represent the problems we talked about before. So since they were the same pictures it was easy to
remember”.
From this perspective, the use of games and images in the co-design process was significant for
farmer learning how to use the digital platform. This also meant that processes which could not be
Figure 2. Co-designed platform interface.
After developing the platform, farmers were taken through training over a period of two weeks
on how to use the co-designed platform. We found that some people developed proficiency with
the software very quickly, as early as on their first try whereas others required more familiarization.
Most had however gained significant mastery over the application within half an hour of use. By
practicing the use of images as metaphors for inquiry and the use of colors for response, the farmers
were ready to transfer the concepts to the smartphone application, facilitating speedy comprehension:
“Because from the beginning we went through some question and answering where we used some
pictures to represent the problems we talked about before. So since they were the same pictures it was
easy to remember”.
From this perspective, the use of games and images in the co-design process was significant for
farmer learning how to use the digital platform. This also meant that processes which could not be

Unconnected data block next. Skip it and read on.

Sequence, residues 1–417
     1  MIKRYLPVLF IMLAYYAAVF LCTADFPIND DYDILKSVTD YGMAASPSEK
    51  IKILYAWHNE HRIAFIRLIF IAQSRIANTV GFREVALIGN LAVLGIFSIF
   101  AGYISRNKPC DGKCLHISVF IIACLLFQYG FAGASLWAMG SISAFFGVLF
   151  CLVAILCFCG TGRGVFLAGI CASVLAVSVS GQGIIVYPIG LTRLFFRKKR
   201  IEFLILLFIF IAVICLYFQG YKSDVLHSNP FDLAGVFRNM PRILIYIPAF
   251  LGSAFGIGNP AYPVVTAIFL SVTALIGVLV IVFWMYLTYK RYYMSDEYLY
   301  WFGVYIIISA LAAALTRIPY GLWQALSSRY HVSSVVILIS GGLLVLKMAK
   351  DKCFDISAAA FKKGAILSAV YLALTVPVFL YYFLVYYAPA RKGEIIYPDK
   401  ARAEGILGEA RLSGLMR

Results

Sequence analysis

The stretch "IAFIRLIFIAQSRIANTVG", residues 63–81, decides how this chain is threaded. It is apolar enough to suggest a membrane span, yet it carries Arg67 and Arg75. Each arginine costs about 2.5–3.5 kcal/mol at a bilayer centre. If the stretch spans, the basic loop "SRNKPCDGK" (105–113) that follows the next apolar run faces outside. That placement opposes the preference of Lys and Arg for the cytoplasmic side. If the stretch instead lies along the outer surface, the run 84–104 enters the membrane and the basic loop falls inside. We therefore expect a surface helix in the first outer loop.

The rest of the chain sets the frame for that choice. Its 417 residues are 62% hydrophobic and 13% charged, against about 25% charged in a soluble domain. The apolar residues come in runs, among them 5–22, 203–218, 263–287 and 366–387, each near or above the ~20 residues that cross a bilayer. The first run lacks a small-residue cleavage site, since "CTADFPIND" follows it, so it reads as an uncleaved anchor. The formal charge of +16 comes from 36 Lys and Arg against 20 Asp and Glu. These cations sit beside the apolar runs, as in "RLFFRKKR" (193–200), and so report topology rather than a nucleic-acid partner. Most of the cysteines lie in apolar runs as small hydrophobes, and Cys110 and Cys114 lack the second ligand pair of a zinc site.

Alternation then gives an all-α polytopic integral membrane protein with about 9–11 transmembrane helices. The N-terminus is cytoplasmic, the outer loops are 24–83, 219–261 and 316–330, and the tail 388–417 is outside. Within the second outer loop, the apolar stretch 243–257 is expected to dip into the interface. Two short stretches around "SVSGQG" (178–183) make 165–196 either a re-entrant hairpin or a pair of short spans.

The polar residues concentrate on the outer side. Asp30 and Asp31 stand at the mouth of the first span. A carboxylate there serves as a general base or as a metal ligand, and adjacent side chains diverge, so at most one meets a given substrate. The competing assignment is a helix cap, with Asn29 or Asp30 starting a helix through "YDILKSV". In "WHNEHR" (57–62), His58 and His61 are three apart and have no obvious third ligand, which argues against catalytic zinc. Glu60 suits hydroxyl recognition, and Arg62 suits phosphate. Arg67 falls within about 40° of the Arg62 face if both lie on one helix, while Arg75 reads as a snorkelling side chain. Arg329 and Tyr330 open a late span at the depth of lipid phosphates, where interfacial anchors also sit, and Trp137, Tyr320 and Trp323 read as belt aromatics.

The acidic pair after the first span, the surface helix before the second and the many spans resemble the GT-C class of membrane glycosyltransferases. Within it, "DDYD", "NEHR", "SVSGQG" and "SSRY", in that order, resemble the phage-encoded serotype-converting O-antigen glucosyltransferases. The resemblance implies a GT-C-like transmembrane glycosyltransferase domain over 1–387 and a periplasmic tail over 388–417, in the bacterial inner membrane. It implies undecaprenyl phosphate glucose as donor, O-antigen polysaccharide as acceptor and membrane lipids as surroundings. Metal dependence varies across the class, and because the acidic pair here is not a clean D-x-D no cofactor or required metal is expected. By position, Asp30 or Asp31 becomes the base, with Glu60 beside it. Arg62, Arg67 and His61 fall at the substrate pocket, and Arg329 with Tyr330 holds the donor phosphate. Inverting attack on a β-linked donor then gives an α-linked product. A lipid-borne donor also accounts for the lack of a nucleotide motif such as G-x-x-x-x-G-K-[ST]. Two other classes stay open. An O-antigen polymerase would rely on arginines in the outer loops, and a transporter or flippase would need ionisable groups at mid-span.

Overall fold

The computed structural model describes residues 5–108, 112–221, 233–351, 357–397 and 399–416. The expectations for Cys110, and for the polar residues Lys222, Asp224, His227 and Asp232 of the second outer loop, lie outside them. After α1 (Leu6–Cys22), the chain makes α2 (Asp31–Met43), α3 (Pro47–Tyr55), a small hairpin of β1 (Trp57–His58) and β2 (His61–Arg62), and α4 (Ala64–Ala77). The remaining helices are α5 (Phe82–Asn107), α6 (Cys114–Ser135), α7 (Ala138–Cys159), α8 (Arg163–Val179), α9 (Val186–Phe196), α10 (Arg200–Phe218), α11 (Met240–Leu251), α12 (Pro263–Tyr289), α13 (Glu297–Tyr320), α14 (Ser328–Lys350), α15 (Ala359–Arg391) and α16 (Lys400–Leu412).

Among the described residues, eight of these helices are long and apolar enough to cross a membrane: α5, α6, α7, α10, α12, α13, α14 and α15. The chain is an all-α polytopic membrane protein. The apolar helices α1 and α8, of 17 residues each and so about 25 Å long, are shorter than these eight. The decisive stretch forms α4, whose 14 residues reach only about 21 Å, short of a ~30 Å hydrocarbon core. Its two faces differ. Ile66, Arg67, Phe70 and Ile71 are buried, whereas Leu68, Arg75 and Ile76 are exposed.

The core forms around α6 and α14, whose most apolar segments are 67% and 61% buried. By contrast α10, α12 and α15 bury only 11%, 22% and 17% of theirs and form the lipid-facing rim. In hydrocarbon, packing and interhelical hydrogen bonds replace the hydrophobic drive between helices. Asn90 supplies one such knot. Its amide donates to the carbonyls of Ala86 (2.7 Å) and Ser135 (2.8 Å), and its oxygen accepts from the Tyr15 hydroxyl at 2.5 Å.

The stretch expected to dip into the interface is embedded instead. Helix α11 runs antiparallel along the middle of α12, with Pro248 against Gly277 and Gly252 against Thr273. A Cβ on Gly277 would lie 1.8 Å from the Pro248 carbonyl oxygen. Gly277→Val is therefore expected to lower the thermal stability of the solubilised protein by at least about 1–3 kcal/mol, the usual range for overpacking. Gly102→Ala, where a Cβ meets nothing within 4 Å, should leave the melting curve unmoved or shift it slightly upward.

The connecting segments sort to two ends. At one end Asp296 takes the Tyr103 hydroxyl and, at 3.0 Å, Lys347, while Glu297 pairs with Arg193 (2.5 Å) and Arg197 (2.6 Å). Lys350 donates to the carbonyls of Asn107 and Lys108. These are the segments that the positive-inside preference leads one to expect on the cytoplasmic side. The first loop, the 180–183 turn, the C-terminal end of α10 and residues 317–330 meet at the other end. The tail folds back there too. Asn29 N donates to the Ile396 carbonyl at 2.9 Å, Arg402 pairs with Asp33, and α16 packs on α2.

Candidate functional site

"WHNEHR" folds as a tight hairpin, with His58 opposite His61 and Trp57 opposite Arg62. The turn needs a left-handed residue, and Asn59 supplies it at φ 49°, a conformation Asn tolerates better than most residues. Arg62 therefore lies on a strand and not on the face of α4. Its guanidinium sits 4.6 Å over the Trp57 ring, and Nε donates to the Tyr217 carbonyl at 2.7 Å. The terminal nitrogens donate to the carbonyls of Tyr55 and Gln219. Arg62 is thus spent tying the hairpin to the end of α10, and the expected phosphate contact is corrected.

practiced through the co-design process but remained an abstract concept on the platform posed some
diculty for some. For instance, a challenge for some farmers was in comprehending the concept of
going back in the application using the back arrow. Most were more comfortable with the step by step
process and not when one needed to navigate backwards and forward in the app. This aspect of the
interface took more time to grasp for some farmers. On the other hand, most of the group leaders more
easily remembered abstract icons such as crosses and ticks. There appeared to be some familiarity
with these common symbolic conventions on smartphones. We attribute this to the fact that most
farmer leaders had some form of basic education which meant that they could appreciate concepts
Sustainability 2020,12, 4580 10 of 16
such as a tick implying correct and a cross indicating wrong. Age of the farmers was no impediment
to comprehension as most of the farmers were above 45 years and still were able to grab the concept
of the application fairly quickly. During practice, some farmers had their children present who were
more conversant with smartphones to serve as a helpful assistant when they forget the required action
on the platform.
Following the training, it was agreed that farmer leaders would monitor the farms every 2 weeks.
This time period was deemed as optimal for monitoring changes in the farms and also to allow leaders
collect data without much stress. In the first month, leaders were phoned to remind them when